From Napoleonic-era ostentation to itchy fatigues: How uniforms evolved in WWI

Published: 17 January 2024

By Stephen J. Thorne
via the Legion Magazine website

WWI Uniforms

A mud-caked Private Donald Johnston Mackinnon, 25, of the 73rd Battalion (Royal Highlanders of Canada) returns from fighting on the Somme front, probably in September 1916.

The present-day U.S. army helmet provided no better blast protection than its First World War predecessors

They were hot in summer, barely passable in winter, invited lice, retained copious amounts of water, and they were itchy. But First World War uniforms represented a revolution in combat wear—and a decisive and practical departure from Napoleonic ostentation.

More than 30 nations declared war between 1914 and 1918. Their uniforms were a sartorial feast for the eyes—splashes of red, blue, white and gold. There were capes and greatcoats; kilts and kepis; busbies, bearskins and patent leather boots.

“This stupid blind attachment to the most visible of colours will have cruel consequences,” declared French politician and general Adolphe Messimy, who commanded a brigade at the Somme, and later a division.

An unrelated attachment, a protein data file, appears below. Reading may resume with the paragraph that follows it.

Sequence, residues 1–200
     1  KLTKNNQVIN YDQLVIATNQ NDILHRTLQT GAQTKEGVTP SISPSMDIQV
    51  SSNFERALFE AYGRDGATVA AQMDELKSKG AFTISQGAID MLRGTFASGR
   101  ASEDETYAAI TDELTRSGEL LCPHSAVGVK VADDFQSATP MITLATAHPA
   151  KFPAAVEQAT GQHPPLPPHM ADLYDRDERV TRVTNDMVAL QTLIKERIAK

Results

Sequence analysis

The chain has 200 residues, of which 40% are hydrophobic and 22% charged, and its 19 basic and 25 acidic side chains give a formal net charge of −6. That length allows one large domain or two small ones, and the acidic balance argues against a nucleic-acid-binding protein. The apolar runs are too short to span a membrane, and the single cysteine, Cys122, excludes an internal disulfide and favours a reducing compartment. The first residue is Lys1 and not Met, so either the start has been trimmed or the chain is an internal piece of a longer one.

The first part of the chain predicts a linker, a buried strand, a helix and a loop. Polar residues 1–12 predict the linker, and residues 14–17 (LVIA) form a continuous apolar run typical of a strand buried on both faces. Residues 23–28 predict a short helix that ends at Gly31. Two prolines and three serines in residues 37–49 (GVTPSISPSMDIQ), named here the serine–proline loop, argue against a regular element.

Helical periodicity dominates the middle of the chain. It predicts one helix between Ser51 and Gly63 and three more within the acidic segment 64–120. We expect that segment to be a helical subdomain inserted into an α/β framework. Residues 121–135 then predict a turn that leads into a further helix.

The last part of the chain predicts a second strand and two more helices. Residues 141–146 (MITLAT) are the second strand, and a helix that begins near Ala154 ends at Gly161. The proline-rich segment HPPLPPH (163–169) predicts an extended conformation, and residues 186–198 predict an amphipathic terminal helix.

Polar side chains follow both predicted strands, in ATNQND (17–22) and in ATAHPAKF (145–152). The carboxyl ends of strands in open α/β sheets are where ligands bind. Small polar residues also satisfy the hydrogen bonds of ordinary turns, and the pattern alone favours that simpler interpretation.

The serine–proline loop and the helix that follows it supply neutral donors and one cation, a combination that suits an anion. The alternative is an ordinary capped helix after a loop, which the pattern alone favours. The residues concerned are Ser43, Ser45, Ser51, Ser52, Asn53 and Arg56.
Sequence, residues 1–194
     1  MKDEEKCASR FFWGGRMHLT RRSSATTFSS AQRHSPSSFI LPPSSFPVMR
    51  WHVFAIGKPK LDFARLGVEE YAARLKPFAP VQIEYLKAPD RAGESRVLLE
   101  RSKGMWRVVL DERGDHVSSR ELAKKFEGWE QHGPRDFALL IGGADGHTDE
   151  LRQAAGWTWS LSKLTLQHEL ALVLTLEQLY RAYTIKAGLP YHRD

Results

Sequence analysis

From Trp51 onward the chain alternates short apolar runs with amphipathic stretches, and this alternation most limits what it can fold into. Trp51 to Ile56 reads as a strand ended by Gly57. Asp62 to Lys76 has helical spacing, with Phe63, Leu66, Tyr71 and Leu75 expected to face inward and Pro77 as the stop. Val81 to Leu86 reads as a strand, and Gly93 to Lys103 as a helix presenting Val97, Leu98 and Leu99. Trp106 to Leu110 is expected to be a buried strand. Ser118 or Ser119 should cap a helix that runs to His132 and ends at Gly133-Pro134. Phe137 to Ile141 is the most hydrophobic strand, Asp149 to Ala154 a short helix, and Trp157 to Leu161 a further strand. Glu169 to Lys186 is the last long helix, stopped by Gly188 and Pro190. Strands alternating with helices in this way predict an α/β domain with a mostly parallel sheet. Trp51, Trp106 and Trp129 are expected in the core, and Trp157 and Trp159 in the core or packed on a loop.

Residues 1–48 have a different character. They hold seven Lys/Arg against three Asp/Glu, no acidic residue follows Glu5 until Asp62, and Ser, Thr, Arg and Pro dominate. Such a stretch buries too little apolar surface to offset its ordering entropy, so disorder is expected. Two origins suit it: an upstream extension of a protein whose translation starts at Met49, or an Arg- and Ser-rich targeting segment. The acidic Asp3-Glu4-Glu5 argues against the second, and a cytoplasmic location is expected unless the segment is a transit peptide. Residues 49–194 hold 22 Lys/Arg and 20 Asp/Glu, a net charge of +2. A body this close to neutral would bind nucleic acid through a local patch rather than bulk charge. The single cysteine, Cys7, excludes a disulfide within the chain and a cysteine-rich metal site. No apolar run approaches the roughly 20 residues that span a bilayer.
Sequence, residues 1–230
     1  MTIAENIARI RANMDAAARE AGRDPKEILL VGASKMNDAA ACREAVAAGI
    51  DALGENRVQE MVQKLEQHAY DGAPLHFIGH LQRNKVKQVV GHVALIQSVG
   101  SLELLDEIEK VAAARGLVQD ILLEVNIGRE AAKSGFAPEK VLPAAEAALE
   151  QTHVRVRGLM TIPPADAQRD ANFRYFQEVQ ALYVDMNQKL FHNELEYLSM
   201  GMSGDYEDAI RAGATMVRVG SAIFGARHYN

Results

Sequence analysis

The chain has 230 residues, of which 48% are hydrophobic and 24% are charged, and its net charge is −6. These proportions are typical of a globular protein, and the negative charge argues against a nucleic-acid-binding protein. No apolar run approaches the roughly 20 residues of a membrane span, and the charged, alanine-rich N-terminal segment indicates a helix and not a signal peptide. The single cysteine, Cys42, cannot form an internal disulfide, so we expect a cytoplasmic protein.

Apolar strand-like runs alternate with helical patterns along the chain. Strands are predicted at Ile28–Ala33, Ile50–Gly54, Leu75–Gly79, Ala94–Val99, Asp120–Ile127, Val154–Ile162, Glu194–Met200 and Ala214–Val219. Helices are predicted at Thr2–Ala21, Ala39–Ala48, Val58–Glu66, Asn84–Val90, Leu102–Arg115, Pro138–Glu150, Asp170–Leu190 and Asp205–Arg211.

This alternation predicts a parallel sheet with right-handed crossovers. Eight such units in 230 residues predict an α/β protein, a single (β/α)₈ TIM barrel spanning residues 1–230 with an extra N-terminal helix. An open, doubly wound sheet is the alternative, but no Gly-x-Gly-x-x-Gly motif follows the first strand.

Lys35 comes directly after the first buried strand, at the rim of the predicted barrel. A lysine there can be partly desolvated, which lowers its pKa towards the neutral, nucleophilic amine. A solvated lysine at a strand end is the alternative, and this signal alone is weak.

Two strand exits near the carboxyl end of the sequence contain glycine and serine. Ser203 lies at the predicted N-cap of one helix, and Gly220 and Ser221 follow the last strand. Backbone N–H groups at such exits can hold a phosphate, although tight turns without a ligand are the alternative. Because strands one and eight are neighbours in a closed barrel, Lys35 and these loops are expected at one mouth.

Colonial units, especially, came to the continent dressed to impress—cascading robes, baggy pantaloons known as seroual or shalwār, brilliantly coloured accoutrements, and variants of the inordinately tall red fez present-day North Americans tend to associate with parading Shriners. They were traditionally worn by wealthy Arab traders as a sign of status, its red dyes vivid and expensive.

A French pantalon rouge in his early-WW I uniform. The colour scheme didn’t last.

The Russian army had more than 1,000 uniform variations, counterintuitive to the concept of “uniform.” Cossacks clung to their traditional Astrakhan hats and long coats. The Russians’ quality black leather boots were coveted by German troops, who would replace their own with them at every opportunity.

Belgian reservists defended their homeland in 1914 wearing top hats. While the British entered the war decked in drab khaki adapted from lessons learned in colonial India, the French sported long blue coats and rich red pants, for which the troops had been known as the pantalon rouge since the 1870s.

Read the entire article on the Legion Magazine website here:

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